Privacy in Rehab

Living arrangements are often a major concern for someone considering a stay in an inpatient treatment facility. It’s a valid question: how much privacy does someone really have in rehab? It definitely depends on the facility and their approach to treatment. Some addiction experts believe too much alone time is not beneficial for addicts, who are already prone to isolation. Being around others is not only uplifting but also part of the healing process—learning to relate and identify with individuals in the same or similar predicament. Not everyone’s reasoning for being in treatment is the same but there is commonality to be had with realizing when one is powerless over a substance, behavior or mental illness. It’s also potentially a very lonely time in the person’s life, being separated from friends and loved ones under somewhat stressful circumstances. Having a roommate is a potential way to make friends or at least have some form of human connection during this phase of vulnerability.

Other recovery professionals may argue that the smaller and more intimate the treatment center, the more effective it is, and that hours of individual therapy and plenty of self-reflection are essential to early recovery. It’s certainly conducive to the notion of individualized treatment, which has become increasingly popular in recent years and fosters the theory that there is no one-size-fits-all solution to recovery from alcohol and drug addiction. Private living quarters also ensures that there is no potential for roommate conflict. Someone who might be accustomed to plenty of privacy and alone time may not react well to sharing personal space with a stranger. There are even some high-end treatment programs and facilities that only treat one person at a time; so, aside from communing with the staff, the individual is on their own literally the entire course of treatment.

The Luxury Difference

The majority of rehabs do not offer private rooms but generally speaking, the higher end the facility, more the likely it is to offer the option for one. At Recovery Malibu, for instance, there are private rooms available upon request but at a slightly higher price point than a shared room. The treatment team acknowledges that some clients desire private, quiet time between group therapy sessions or other activities and therefore have peace of mind knowing their room is their own. As previously mentioned, sometimes a lot of alone time is helpful and other times it’s not, but regardless, it’s a personal choice. Having that choice is one of the many perks of choosing to undergo treatment at a luxury-level rehab. Getting treatment anywhere in Malibu, which is often referred to as the “Rehab Riviera,” is pretty much a guarantee that the client will have the option of staying in a private room if he or she wishes.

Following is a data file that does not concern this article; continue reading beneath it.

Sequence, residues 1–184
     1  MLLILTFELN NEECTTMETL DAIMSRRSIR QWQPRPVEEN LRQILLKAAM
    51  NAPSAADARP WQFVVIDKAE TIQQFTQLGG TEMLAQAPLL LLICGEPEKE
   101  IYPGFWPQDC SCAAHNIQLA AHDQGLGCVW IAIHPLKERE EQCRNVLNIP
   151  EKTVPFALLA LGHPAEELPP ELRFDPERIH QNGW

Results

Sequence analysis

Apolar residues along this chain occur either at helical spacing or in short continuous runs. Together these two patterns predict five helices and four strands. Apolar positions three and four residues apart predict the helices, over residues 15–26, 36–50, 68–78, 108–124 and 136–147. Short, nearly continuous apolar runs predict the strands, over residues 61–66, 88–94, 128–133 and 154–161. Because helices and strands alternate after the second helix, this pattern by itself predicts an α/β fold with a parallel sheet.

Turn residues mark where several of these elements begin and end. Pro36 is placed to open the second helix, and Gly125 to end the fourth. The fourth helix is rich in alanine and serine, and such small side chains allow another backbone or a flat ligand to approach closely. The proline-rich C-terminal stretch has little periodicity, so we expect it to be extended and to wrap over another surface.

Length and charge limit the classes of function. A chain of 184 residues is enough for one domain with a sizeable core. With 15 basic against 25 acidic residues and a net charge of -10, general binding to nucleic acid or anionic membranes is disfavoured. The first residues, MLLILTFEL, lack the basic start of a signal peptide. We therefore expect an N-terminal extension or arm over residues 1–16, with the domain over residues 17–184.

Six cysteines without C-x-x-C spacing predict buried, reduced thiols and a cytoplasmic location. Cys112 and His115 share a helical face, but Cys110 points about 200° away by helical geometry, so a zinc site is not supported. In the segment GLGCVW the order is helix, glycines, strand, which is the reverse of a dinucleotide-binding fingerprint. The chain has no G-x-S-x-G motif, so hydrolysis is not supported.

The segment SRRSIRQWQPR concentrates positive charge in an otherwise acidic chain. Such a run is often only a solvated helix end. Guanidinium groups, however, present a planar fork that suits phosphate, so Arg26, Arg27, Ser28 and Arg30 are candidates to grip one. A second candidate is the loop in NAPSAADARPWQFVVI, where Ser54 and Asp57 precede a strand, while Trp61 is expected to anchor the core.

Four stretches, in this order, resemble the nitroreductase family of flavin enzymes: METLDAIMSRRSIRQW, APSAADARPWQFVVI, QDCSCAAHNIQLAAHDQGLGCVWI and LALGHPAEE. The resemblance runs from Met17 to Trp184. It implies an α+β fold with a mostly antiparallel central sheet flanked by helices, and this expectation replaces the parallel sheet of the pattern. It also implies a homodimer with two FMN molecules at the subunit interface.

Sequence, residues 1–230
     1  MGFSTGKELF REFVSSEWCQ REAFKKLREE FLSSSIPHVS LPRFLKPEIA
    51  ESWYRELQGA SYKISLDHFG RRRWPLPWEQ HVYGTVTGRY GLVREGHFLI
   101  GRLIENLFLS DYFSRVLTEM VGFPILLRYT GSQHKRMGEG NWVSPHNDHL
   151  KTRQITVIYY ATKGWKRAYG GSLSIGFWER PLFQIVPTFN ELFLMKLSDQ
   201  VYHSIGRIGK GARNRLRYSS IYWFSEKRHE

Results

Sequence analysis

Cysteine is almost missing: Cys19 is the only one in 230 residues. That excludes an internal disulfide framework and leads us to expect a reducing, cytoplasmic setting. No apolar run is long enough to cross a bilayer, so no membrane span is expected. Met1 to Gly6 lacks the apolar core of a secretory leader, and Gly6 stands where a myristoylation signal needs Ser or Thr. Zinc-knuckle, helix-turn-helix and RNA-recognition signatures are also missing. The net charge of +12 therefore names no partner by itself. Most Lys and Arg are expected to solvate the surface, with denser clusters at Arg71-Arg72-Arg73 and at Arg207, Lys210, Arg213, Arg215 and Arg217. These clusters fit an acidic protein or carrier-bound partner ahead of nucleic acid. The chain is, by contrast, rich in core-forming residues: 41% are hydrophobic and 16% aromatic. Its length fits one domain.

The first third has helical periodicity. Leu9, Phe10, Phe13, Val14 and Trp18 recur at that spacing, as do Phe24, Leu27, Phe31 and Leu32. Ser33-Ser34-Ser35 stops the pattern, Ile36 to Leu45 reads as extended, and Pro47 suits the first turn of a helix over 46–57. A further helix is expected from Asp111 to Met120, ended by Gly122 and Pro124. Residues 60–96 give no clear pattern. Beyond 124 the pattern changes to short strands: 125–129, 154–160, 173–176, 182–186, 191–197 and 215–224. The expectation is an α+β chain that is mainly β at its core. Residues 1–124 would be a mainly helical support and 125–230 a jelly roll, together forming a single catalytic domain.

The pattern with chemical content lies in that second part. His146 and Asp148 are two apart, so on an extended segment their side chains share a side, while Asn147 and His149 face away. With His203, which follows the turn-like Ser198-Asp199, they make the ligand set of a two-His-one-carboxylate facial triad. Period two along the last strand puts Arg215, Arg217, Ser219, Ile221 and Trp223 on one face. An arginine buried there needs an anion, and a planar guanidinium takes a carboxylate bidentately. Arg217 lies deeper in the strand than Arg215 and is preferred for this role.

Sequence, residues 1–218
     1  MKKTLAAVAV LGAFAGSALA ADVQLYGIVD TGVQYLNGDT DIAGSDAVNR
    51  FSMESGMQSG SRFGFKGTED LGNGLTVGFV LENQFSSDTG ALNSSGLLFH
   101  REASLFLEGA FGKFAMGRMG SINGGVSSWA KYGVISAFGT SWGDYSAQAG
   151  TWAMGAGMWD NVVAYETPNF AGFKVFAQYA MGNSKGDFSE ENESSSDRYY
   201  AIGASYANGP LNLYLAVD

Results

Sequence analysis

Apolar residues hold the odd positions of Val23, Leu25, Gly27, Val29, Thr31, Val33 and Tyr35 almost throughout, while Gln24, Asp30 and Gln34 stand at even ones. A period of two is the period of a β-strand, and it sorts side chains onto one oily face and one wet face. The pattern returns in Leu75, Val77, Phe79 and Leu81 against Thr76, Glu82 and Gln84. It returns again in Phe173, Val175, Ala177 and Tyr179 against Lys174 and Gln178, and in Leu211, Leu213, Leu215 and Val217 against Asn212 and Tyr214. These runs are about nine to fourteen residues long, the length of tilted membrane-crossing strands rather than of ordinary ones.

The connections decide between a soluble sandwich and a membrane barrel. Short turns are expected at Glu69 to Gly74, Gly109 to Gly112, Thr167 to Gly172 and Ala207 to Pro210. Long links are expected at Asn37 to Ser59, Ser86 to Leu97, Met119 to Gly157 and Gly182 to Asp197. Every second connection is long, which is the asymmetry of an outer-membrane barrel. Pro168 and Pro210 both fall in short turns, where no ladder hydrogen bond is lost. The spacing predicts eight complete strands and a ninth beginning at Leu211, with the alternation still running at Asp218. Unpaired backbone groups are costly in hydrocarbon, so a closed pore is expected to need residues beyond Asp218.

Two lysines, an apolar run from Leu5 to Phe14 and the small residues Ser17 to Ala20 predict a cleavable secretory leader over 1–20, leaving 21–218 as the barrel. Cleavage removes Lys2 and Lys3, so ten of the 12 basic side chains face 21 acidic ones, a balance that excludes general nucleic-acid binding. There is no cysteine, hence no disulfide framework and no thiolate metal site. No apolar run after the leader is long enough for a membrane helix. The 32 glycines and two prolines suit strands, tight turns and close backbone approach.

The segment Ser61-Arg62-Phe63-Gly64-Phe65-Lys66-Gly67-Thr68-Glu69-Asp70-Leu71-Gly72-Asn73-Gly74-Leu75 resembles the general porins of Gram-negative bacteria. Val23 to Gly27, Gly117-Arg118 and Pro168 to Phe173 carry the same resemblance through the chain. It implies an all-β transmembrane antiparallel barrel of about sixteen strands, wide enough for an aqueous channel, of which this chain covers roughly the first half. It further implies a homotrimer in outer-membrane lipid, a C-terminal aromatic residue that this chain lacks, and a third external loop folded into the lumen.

The ability to retreat to private quarters at night after spending time with others who are in treatment for most of the day does have its advantages. Every luxury rehab has different amenities but at Recovery Malibu, residents in private rooms can enjoy their choice of programming on the DVR-equipped flat-screen TV in their room and speak freely on their phone at any time of today. This is of course after the initial 72 hours of treatment, when phones are prohibited. If it is an executive client, he or she may also need the privacy in order to efficiently conduct business while in treatment.

Accommodations Are a Small Part of a Bigger Experience

 Regardless of whether the room is shared or private, the experience at rehab can still be positive and life changing. Most programming, especially at luxury facilities, aims to keep clientele active throughout the day with individual and group therapy, communal meals, holistic treatments and physical activity. Nighttime options range from movie nights and beach walks, to the optional attendance at peer support meetings, such as AA or SMART Recovery, in the community. As a result, with the exception of maybe detox in the first few days, residents aren’t spending that much time in their rooms anyway. So while a private room is certainly a nice perk, it will not make or break someone’s time in rehab. It is comforting to know the option is there, however, which is why someone who knows that privacy is a priority, would be wise to consider attending inpatient treatment at a high-end facility.